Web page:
Wednesday, 16 January 2013 | A Public Affair
On Wednesday January 16th, Norm Stockwell subbing for Karma Chavez spent the first part of the hour speaking with Ron Dolen from the group Reach Out Wisconsin about Tuesday night’s State of the State address by Governor Scott Walker. Reach Out Wisconsin is a nonpartisan organization dedicated to fostering respect and understanding in Wisconsin politics. During the second half of the program Norm spoke with Mark Weisbrot about Venezuelan President Hugo Chávez. Mark Weisbrot is co-director of the Center for Economic and Policy Research, in Washington, D.C. The Center for Economic and Policy Research is an independent, nonpartisan think tank that was established to promote democratic debate on the most important economic and social issues that affect people’s lives. Mark is the author of numerous papers and articles on Venezuela and Latin America available at www.cepr.net, including the report, “Venezuela’s Economic Recovery: Is It Sustainable?” and the recent op-eds “Continuity Likely in Venezuela Even if Chávez Steps Down” (published by the New York Times), and “More Room for Debate on Venezuela” (published by The Guardian of London today).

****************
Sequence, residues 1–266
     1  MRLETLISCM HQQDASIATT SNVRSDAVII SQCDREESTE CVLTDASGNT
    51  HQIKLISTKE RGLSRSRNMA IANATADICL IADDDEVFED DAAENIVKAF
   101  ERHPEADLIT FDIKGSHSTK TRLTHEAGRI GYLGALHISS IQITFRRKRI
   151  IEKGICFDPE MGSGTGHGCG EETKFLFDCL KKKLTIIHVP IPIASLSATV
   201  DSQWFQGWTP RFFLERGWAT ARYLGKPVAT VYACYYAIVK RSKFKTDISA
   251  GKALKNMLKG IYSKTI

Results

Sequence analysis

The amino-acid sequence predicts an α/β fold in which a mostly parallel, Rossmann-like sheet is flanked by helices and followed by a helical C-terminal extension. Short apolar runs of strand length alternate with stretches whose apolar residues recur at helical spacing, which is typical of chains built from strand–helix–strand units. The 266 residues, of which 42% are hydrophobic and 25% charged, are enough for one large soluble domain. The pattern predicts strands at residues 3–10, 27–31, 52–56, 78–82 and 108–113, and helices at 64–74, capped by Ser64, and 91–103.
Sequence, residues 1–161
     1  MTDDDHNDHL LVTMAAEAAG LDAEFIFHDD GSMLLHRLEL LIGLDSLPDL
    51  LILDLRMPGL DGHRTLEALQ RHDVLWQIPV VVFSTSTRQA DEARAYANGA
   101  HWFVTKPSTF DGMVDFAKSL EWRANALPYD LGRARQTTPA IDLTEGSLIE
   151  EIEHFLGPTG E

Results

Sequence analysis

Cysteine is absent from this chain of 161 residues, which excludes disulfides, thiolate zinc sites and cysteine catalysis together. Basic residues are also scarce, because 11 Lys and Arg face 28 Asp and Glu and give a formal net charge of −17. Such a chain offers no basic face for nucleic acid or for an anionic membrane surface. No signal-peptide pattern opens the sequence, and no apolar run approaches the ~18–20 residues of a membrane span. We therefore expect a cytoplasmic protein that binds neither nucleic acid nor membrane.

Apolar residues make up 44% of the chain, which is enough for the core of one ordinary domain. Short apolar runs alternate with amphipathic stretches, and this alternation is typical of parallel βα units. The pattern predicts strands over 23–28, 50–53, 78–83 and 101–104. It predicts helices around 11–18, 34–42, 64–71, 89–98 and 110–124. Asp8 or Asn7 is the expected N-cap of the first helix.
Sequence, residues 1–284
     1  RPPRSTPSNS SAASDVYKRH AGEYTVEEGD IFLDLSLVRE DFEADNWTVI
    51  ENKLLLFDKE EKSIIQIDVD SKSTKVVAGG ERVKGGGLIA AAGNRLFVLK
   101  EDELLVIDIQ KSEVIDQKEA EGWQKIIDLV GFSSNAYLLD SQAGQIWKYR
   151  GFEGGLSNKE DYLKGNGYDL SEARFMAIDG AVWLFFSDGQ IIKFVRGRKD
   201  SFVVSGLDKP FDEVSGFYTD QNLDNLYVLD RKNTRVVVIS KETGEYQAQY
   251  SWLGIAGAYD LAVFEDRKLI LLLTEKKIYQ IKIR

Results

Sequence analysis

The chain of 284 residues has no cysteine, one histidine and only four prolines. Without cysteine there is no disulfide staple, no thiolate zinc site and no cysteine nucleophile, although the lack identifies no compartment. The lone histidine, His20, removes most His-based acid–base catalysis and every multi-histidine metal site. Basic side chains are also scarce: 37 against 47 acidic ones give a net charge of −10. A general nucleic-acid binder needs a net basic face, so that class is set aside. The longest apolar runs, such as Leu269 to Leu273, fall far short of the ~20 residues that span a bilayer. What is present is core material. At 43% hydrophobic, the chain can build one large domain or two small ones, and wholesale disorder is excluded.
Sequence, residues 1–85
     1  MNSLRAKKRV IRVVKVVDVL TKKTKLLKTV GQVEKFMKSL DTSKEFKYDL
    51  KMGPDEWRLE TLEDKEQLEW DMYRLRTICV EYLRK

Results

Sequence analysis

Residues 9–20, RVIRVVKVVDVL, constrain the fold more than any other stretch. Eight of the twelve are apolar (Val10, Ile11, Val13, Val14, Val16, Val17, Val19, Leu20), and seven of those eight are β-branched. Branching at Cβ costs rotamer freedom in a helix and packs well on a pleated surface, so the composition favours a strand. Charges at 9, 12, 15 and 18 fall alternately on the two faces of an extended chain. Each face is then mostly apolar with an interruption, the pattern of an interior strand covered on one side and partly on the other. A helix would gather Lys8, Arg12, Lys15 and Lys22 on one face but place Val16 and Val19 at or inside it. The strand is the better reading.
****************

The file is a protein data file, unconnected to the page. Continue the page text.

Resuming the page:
According to the New York Times, “On Jan. 8, Venezuela’s government confirmed in a letter to Congress that Mr. Chávez would miss the swearing-in ceremony. In the letter, which was read during an assembly session, Vice President Nicolás Maduro invoked a disputed section of the Constitution that government officials say would allow the swearing-in to take place in the future. The following day, the head of Venezuela’s Supreme Court endorsed delaying Mr. Chávez’s inauguration, siding with the government in a dispute with the opposition. Mr. Capriles, the opposition candidate who lost to Mr. Chávez in October, criticized the court’s decision. “Institutions should not respond to the interests of a government,” he said. Mr. Chávez’s supporters have not ruled out swearing him in from his hospital in Havana. His detractors are calling for government investigators to go check his pulse themselves. The State Department in Washington, which has been cautious about getting involved in the contentious political back-and-forth, said on Jan. 9 that it would be eager to improve relations with Venezuela, which have long been strained.”
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